|Let the BCS madness ensue. (US Presswire)|
WACO, Texas – Phil Bennett was fired up, maybe too fired up this soon after the night's second earth-shaking upset. For most of this season Bennett's Baylor defense has been infamous for being the worst in the country. It was a well-deserved dishonor. You might have heard: Earlier this season the Bears scored 63 at West Virginia -- and lost.
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That's pretty much how it has gone for a unit which on an average day was giving up 520 yards per game – 124th and last among FBS schools. So Baylor's defensive coordinator wasn't going to let the moment pass. For nine weeks, his D had been made fun of, his job security had been questioned. For almost 35 years, Bennett, 56, has waited for this moment. He's been a lifer as an assistant coach. So when an upset in central Texas woke the echoes from northern Indiana to Tuscaloosa, Bennett couldn't resist.
“Alabama,” he said in an unguarded moment following Baylor's 52-24 shocker over No. 2 Kansas State, “we would have beat them tonight.”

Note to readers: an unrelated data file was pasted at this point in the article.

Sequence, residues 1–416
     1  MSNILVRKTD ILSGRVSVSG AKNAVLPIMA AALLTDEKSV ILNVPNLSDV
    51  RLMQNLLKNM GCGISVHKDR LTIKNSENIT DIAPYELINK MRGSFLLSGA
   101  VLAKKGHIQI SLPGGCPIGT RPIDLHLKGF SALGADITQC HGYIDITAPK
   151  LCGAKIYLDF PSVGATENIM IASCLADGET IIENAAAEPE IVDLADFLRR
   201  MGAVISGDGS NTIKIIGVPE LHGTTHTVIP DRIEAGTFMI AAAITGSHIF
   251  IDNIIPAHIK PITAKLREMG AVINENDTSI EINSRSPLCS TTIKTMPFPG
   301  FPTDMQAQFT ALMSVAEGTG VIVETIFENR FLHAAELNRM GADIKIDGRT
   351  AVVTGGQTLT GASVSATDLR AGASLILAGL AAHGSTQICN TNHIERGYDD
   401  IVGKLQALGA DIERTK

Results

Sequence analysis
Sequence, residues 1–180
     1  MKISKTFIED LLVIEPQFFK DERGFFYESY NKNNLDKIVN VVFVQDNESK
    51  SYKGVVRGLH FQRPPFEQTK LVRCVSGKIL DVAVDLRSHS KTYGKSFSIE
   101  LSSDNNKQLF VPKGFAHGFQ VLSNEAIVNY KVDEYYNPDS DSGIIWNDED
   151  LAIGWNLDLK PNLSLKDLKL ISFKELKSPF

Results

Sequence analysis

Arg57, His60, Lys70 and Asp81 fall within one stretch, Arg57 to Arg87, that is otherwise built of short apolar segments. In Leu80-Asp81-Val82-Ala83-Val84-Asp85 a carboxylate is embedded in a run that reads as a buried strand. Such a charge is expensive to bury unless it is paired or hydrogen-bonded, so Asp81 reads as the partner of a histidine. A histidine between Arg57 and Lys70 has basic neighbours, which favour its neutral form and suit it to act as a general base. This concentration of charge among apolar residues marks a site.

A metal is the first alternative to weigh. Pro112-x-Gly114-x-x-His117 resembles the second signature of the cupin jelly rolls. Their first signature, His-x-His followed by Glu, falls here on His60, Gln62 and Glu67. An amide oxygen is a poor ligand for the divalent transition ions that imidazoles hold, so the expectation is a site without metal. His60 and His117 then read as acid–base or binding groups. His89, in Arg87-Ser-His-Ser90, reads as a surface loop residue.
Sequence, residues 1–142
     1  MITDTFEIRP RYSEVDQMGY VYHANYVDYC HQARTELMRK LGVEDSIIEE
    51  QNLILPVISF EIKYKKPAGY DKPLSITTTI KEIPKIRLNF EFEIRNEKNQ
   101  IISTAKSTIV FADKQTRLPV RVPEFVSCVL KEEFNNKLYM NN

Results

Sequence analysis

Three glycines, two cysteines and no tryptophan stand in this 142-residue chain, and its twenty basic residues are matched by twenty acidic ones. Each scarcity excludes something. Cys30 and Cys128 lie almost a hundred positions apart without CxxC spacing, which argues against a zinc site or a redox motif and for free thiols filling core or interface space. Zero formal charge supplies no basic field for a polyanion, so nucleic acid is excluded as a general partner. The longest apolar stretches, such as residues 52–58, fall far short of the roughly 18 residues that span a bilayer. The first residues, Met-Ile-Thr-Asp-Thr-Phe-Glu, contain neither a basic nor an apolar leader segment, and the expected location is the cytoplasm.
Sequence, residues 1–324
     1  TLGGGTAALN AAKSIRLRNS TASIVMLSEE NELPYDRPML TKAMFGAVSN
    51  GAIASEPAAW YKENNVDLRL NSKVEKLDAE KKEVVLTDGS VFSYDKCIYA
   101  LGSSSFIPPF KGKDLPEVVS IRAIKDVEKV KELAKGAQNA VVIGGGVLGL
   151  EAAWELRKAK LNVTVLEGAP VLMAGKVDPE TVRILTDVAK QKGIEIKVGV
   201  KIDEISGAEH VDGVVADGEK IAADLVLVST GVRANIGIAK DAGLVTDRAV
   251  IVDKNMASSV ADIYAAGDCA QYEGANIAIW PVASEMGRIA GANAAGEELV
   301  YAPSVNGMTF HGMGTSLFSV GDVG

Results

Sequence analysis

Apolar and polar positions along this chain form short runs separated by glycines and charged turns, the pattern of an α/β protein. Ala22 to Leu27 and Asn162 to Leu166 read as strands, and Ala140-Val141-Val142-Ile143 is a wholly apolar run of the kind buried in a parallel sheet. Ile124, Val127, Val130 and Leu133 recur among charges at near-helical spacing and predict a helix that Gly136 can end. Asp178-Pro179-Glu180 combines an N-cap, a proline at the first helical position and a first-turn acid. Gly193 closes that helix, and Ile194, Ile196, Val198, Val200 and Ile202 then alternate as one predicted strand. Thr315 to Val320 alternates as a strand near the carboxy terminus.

We'll never know, of course, because Baylor is still fighting for bowl eligibility. Bama? Well, they're back in the fight. Along with Notre Dame. It was Saturday's late-season reshuffling of the BCS standings that left Kansas State and Oregon crushed and guys like Bennett feeling like they were the kings of the world.
“That's why Texas A&M is doing well in that league,” Bennett said of the SEC. “[Those teams] don't face anything like us.”
“Us” being Baylor's Big 12-leading offense – second nationally -- which stunned K-State enough to allow Bennett's defense to apply the sleeper hold. The Bears did what no team had done to the Wildcats this season. They gut-punched K-State early and didn't let up. Former Heisman favorite Collin Klein threw three interceptions, half the team's turnover total for the season coming into the game. There was a goal line stand by Baylor mixed in there.
“I encouraged them,” Bennett said of his defense. “There are few times in life you get to do this.”
Familiarity had a lot to do with it. For three years, from 1999-2001, Bennett was Bill Snyder's defensive coordinator at K-State.
“I know how they think,” Bennett said. “Still, the problem is a lot of teams take themselves out of it. On pre-snap [reads by the offense], it was comical watching them against Texas Tech and Miami and West Virginia. Those teams were beat before the ball was snapped.”